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Microsoft kicked off its seventh annual TechFest this week in Redmond, where the company’s research teams emerge from the labs to display their latest technologies. Here’s a look at just a few of the technologies demoed at the conference:
Tiny Web Services
Feng Zhao with Microsoft Research demoed a small chip he dubbed Tiny Web Services that monitors a home or data center’s energy efficiency. “This sensor actually can sense the temperature, humidity and other environmental variables,” in a home or office, he said in a video. “It takes this information, and it computes some high-level information from that and tells me whether the house is too hot or too cold” and relays that information to “controllers” like a home furnace or PC, he said. The completed device would run on 2AA batteries and use a wireless transceiver to transmit information through a TCP/IP connection, Zhao said. “This is a wireless device, you can spread these out into an environment, they can communicate together and they can communicate with ordinary PCs using standard Web server Web browser kinds of technologies,” Rick Rashid, senior vice president of research, said in a Tuesday keynote.
Revitalizing Chip Architecture Research
Chuck Thacker and John Davis previewed BEE3, a piece of hardware “whose purpose in life is to actually explore new computer architectures,” Thacker told Microsoft’s Channel 9. “This is a way to allow you to not go as far as building a chip, but still build something that will run real programs faster.” It gives users “the ability to write a program to specify that new architecture that you want to simulate, emulate or prototype and then load that into the FPGA,” Davis said. BEE3 originated at Berkeley, but they “had trouble in a university setting supporting large umber of users,” so Microsoft stepped in to help, Thacker said. Microsoft has licensed the product to a third party company that plans to ship it this summer, according to Thacker. But “this is not charity,” he said. Microsoft wants “to be able to use [BEE3] for our own research.”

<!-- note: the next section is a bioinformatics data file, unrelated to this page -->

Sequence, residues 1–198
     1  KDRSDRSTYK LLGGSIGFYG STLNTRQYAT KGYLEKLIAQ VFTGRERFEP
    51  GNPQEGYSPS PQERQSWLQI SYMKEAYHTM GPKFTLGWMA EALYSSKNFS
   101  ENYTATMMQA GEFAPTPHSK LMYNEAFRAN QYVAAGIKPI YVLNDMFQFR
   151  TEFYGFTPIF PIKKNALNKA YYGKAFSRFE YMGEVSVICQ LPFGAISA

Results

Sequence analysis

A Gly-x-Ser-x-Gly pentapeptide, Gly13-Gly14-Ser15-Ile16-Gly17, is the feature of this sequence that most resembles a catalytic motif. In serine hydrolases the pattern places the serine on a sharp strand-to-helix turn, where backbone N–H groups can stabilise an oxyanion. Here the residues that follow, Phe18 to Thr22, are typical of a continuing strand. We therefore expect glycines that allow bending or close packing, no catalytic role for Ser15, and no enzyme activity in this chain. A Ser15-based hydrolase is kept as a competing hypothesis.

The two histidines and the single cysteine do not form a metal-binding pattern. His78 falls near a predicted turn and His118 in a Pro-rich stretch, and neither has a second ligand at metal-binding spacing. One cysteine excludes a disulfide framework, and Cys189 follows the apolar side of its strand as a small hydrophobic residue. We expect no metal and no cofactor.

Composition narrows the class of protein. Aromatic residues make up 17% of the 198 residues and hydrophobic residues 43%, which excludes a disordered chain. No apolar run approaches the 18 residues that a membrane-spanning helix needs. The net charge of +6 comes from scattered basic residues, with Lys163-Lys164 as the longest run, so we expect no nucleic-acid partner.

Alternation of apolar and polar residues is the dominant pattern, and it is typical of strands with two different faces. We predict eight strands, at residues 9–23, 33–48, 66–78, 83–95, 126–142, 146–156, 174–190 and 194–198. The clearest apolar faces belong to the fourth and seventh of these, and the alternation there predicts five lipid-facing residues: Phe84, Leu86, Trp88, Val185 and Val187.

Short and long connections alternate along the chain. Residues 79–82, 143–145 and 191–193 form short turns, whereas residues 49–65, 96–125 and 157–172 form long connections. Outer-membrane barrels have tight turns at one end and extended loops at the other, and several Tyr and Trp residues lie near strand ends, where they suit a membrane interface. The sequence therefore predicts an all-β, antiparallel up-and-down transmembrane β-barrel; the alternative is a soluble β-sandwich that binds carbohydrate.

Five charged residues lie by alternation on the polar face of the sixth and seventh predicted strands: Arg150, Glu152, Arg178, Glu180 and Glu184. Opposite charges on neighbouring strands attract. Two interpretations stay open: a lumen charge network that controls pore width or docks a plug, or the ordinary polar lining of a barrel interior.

This telescope, developed by Curtis Wong and Jonathan Fay, can gather data from various telescopes around the world and give a single view of the sky, Rashid said. “You’re not confined to just using telescopes, you’re not confined to data from only one data source,” he said. Their work is “a follow-on historically to the work of Jim Gray in the Terra Server and the SkyServer,” Rashid said.
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